Philip Platzer’s Rowing Shoot
Austrian photographer Philip Platzer recently tackled a tough assignment, shooting a relatively un-photographed sport: rowing. Platzer was tasked with shooting the Lightweight Double team of brothers Paul and Bernhard Sieber as they trained for their next big goal – the 2016 Olympic Games in Rio.
Due to his experience in shooting motorsports, Platzer decided to take a different approach by using a rig-shot and triggering the camera remotely even though the conditions were not ideal: “Through the longer exposure time one can get great movement photos with the subject crystal clear in the centre of pure movement. Sounds great, only here, there was no car, and the oars would add to the rocking of the boat creating a parallel movement which makes the photos unfocused,” says Platzer.
After discussing this problem with the Sieber brothers, they agreed to try a movement shot with the oars still: “I secured the camera with suction cups and a tripod to the boat, secured the whole thing with leashes, with the hope that should it fall into the water, it wouldn’t detach itself from its moorings and sink. I employed an ND-Filter to enable me to use daylight to achieve an exposure time of 1/10 to work with. I took the shots with a Pocket Wizard from a secondary boat, travelling slightly behind the main boat.”
However things were a bit rocky: “As we began, it became apparent that we had a problem – in order to capture both athletes, the camera had to be positioned at least 50cm from the middle of the boat to one side. This, however, along with a tripod, camera and rig. This created a balance problem for the boat, which had become side heavy, making it extremely strenuous for the brothers to travel at full speed, whilst shifting their balance to compensate for the weight – however, the brothers maintained this long enough for me to get some shots.”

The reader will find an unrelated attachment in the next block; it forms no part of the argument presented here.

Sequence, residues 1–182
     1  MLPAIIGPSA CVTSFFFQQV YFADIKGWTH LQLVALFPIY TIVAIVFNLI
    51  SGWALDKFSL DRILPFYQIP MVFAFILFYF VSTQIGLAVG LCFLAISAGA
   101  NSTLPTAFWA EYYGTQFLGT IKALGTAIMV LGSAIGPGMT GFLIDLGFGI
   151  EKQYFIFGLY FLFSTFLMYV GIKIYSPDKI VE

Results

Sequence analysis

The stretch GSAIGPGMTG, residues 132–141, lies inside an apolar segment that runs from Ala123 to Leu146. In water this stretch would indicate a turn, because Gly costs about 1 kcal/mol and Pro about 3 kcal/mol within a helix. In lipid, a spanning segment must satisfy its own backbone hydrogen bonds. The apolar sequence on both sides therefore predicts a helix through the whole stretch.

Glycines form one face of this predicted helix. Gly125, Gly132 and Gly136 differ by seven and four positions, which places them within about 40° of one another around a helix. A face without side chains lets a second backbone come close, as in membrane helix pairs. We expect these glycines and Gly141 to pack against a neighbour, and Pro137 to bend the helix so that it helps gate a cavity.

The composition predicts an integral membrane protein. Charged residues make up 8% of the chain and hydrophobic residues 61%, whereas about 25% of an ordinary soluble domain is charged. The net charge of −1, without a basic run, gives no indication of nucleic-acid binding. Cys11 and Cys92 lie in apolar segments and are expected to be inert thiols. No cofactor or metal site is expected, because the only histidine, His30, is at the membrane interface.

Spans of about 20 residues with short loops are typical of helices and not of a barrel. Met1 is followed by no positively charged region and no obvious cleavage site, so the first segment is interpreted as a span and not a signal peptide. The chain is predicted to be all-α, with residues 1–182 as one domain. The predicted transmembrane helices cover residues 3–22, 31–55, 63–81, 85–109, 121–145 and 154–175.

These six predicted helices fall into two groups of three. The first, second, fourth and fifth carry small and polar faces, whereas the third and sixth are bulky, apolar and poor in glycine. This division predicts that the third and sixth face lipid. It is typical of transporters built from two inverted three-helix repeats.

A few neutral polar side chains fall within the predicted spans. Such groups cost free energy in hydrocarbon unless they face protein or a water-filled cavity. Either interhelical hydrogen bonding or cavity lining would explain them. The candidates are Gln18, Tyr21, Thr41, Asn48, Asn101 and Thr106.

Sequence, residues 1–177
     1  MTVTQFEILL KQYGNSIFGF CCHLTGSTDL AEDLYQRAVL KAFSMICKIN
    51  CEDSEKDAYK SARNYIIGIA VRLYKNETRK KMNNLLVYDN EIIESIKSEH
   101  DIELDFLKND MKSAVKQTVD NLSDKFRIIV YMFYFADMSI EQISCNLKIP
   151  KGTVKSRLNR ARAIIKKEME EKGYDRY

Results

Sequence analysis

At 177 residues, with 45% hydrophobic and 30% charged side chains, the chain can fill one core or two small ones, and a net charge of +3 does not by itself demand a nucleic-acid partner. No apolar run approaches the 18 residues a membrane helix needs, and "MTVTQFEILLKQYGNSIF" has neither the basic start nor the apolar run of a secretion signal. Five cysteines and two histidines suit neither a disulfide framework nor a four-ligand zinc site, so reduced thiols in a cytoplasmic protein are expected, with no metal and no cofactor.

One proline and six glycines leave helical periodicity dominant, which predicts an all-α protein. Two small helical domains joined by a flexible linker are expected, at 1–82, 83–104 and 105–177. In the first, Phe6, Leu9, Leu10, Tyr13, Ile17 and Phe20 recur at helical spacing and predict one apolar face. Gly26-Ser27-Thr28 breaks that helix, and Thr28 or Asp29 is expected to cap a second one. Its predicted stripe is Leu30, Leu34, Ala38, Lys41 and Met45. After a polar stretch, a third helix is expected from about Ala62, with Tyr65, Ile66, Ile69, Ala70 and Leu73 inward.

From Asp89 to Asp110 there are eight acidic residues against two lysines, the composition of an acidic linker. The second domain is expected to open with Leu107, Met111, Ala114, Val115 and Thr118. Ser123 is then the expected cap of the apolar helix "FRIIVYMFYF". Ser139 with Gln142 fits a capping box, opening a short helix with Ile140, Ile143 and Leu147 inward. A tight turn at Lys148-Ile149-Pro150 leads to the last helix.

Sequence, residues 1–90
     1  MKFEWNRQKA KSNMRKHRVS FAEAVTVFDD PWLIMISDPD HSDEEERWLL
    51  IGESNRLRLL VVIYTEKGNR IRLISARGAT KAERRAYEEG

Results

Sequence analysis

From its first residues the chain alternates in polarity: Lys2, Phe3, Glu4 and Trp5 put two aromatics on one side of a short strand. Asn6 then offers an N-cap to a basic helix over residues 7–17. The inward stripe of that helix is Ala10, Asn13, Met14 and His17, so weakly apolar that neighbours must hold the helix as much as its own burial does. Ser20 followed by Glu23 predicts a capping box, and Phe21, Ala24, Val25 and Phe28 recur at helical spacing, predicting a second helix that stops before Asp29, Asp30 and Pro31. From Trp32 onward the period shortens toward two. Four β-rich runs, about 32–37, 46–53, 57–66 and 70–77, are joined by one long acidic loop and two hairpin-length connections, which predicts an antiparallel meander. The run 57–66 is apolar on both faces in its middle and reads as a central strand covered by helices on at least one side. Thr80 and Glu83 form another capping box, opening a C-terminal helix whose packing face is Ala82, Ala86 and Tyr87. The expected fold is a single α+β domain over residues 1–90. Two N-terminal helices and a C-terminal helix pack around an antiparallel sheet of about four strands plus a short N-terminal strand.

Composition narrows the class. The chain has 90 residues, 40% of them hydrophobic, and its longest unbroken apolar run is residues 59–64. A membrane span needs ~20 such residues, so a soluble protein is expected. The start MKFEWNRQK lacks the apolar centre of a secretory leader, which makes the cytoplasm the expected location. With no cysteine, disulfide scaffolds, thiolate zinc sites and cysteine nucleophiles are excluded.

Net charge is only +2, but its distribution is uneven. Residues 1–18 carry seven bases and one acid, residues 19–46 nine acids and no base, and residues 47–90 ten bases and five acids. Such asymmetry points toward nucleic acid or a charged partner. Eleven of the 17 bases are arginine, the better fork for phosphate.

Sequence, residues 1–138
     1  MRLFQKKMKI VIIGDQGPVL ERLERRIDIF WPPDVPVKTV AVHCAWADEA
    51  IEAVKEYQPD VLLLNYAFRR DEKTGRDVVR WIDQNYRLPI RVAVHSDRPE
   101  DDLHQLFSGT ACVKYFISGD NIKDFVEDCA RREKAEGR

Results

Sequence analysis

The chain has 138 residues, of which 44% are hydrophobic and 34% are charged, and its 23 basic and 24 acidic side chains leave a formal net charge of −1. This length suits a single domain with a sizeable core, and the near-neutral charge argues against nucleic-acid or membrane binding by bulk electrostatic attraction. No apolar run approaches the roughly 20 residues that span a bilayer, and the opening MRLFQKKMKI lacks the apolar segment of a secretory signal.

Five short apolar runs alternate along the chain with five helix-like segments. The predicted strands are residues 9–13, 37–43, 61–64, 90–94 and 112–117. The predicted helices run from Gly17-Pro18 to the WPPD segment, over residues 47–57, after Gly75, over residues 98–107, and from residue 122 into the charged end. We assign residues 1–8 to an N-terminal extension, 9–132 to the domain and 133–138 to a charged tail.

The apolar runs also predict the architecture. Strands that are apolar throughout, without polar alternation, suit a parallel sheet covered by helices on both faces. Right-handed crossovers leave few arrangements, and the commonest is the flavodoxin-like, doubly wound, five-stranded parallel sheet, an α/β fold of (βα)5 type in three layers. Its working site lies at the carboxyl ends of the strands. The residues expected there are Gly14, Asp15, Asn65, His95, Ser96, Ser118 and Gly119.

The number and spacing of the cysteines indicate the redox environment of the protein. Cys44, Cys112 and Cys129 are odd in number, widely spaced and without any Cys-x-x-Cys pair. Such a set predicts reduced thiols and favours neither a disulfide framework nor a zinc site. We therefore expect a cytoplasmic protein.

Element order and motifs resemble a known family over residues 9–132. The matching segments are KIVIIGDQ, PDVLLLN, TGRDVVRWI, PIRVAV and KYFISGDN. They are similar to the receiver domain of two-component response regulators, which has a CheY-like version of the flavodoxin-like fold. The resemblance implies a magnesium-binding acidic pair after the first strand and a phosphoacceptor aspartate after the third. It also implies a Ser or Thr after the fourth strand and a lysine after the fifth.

Platzer was happy with the final results: “As I was unsure of the results of the shots, we then did a second take with the camera in a more central position, to ensure we got our action shot. As it turned out, all of the shots came out perfectly, achieving exactly what we had been hoping for, a credit to the brothers and their balance!”
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As drones become more and more affordable, an increasing number of photographers are getting in on the action. Red Bull Illume finalist Stu Gibson is one of the photographers who has been producing a lot of aerial footage recently as can be seen on his Facebook page, so we caught up with him to discuss…
What drone did you go for? What's your setup?
It changes from shoot to shoot. I use a range – from DJI Phantoms to octocopters, mostly with some home modifications.
Has it changed your approach to photography?
It’s made me very bored with normal stills, aerials are way more fun – but I can swap from stills to video on all rigs. Even on my phantom I use a Lumix for stills.
Are you getting more gigs because of it?
It’s just another piece of equipment to the kit now but I’m sure its helped get some jobs as the client knows I can do both. My drones come with me wherever I go!
Underwater Photography with Freedivers Alex & Alex